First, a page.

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Guardianships & Conservatorships of Minors

Temporary Guardianship of Minor: 

Temporary guardianships are sometimes granted if the natural guardians (parents) are unable to care for their minor children and must place them with a friend or relative who can care for the children until the parents can do so again.  In these situations, a temporary guardianship of the minor can be useful to the parties so that the temporary guardian can enroll the child in school, authorize medical treatment, etc.  Temporary guardianships automatically terminate upon the child reaching the age of majority (18).  The temporary guardian or natural guardian may also petition to terminate the temporary guardianship.


Permanent Guardianship of Minor: 

Permanent guardianships of minor children are not authorized unless both parents are deceased or the parental rights of any living parent have been terminated by a court.  Termination of parental rights is not the same thing as a loss of custody.  Termination is permanent.  A custody order may be modified at a later date.  Permanent guardianships automatically terminate upon the child reaching the age of majority (18).


Testamentary Guardianship of Minor: 

A parent, in his or her will, may elect to nominate a testamentary guardian for a minor child or children.  In this instance, upon the probate of the deceased parent's will, provided there is no other living parent, the nominated person shall receive letters of guardianship without notice or hearing.  A testamentary guardian holds the same powers as a permanent guardian appointed by the Court, but is not required to give bond.  Testamentary guardianships automatically terminate upon the child reaching the age of majority.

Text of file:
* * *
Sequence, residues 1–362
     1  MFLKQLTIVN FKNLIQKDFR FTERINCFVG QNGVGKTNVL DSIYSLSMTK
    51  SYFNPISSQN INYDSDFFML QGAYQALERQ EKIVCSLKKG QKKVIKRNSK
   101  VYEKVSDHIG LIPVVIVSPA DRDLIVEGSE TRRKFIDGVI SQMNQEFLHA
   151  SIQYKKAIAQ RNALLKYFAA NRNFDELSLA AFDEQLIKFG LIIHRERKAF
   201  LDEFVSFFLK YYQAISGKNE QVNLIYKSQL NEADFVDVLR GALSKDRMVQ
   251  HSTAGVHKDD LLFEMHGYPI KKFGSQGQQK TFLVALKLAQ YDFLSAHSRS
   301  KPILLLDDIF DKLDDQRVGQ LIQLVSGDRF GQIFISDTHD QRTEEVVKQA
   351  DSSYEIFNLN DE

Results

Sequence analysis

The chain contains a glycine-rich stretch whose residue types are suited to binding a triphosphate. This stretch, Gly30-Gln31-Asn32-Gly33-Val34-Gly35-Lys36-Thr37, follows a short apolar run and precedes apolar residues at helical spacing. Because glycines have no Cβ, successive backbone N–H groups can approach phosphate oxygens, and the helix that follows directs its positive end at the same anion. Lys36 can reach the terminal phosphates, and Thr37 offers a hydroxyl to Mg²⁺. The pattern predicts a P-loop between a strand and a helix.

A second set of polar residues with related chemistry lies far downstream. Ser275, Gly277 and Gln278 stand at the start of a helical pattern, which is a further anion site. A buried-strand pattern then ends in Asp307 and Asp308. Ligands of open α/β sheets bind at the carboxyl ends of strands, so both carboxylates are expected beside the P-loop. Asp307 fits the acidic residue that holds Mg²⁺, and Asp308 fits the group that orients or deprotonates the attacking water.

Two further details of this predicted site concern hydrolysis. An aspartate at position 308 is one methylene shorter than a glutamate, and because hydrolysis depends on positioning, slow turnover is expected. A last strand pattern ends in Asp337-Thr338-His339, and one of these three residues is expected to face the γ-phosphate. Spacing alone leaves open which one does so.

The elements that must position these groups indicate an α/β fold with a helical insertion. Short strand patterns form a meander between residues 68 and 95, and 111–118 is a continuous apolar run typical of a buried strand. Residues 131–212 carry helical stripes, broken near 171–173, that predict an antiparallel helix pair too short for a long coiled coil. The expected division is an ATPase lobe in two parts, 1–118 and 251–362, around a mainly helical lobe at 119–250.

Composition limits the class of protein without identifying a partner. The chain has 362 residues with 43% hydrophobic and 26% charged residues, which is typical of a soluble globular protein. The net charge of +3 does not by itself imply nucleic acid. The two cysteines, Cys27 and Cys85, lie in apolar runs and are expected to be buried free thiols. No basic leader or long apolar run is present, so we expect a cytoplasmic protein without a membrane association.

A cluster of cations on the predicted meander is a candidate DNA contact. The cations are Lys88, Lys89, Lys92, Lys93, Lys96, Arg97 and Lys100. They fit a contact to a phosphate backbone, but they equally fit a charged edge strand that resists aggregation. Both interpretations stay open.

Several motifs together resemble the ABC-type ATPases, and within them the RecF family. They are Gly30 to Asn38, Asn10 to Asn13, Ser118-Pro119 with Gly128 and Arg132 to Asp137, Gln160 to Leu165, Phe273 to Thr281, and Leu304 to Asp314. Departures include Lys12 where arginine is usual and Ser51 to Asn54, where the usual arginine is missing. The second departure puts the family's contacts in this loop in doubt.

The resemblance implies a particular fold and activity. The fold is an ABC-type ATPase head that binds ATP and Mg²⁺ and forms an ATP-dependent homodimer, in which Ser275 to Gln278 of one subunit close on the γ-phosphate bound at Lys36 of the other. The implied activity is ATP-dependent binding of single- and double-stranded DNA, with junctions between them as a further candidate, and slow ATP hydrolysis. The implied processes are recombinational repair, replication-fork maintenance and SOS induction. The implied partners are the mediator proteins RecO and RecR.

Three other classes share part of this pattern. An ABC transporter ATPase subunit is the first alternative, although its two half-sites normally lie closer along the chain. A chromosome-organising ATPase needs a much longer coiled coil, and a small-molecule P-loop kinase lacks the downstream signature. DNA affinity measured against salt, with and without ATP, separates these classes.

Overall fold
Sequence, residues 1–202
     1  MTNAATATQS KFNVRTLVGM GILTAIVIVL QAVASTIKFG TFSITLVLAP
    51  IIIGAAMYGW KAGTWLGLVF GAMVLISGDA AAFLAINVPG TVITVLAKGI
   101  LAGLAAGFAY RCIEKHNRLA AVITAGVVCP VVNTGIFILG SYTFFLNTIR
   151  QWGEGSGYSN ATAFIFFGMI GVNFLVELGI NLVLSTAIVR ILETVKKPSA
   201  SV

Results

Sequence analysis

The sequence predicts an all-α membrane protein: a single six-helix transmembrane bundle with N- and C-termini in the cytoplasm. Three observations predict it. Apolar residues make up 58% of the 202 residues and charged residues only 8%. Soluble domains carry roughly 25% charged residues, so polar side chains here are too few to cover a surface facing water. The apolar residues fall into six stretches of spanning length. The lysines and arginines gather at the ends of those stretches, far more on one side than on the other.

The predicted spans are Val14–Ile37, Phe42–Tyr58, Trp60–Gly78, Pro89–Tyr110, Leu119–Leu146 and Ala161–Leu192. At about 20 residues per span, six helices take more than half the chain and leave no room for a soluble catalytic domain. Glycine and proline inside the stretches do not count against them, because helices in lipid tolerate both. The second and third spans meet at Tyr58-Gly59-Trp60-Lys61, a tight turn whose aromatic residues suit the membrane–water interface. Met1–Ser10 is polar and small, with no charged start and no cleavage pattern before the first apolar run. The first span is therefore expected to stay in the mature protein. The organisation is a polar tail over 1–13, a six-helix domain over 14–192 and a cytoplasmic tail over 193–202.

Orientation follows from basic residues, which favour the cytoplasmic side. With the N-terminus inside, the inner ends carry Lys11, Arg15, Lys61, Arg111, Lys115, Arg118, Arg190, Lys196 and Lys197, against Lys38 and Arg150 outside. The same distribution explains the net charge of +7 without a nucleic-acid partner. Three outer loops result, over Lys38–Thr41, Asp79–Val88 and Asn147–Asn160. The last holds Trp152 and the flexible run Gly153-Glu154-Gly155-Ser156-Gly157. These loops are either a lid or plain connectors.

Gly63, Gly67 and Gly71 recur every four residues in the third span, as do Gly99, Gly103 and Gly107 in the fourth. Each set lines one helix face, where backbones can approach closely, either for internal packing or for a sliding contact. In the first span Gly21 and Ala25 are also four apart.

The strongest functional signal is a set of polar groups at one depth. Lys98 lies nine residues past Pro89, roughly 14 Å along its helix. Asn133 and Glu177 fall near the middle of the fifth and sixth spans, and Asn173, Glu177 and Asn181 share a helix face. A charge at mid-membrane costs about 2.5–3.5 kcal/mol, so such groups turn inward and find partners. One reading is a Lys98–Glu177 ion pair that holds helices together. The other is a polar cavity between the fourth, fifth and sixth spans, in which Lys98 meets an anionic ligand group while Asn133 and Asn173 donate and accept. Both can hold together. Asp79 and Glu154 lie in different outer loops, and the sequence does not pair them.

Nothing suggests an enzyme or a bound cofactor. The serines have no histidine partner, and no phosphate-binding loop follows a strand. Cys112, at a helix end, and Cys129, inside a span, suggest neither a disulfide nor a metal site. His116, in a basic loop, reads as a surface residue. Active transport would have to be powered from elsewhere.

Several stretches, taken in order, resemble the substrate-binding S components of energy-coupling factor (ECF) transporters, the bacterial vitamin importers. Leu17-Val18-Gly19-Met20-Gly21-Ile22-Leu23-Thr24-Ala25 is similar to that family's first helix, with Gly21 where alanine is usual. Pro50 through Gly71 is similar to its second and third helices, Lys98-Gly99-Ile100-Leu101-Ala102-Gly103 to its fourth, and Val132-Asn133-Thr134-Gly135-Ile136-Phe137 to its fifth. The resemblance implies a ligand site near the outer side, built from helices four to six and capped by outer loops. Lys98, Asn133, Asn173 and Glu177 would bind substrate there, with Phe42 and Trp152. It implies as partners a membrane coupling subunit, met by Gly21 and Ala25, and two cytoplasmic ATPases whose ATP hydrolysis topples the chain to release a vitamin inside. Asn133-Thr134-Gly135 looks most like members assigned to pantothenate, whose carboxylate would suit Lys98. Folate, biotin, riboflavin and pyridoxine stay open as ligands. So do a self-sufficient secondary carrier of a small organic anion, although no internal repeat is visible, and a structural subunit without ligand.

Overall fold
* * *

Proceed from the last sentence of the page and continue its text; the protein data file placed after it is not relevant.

Conservatorship of Minor:

A conservatorship of the property of a minor is required in order for any person who is not the child's natural guardian to receive, on the minor's behalf, money or property.  A natural guardian may receive money or property for their child without becoming a conservator if the property is worth less than $15,000.00, provided no other person has been appointed conservator of the child's property.

Guardianship & Conservatorship of Incapacitated Adults

There are two main types of guardianship for incapacitated adults: guardianship of the person and guardianship of the property (conservatorship).  A guardianship of the person may remove from the incapacitated person the power to contract marriage, to make other contracts, to consent to medical treatment, to establish a residence, and to bring or defend an action in court.  A guardianship of the property (conservatorship) may remove from the ward the power to bring or defend actions in court, to make contracts, to buy and sell property, and to manage their business and financial affairs.  Often, a court appoints one person as guardian of the person and the property.


A guardianship can either be permanent or temporary.  Also, a guardianship can be total (granting all powers) or the guardian's powers may be limited, with the ward retaining some powers that could have been removed.  Georgia law recognizes that not all incapacitated persons are incapacitated in the same manner and to the same degree.


The law specifically requires that all guardianship shall be "designed to encourage the development of maximum self-reliance and independence of the ward and shall be ordered only to the extent necessitated by the person's actual adaptive limitations" O.C.G.A § 29-5-7(h).  For example, just because a person does not possess the judgement to make contracts does not necessarily mean that he or she cannot decide where to live.


Emergency Guardianship:

A guardianship can be created on an emergency basis if there is an immediate, clear, and substantial risk of death, serious injury, illness or disease, or irreparable waste or dissipation of the person's assets.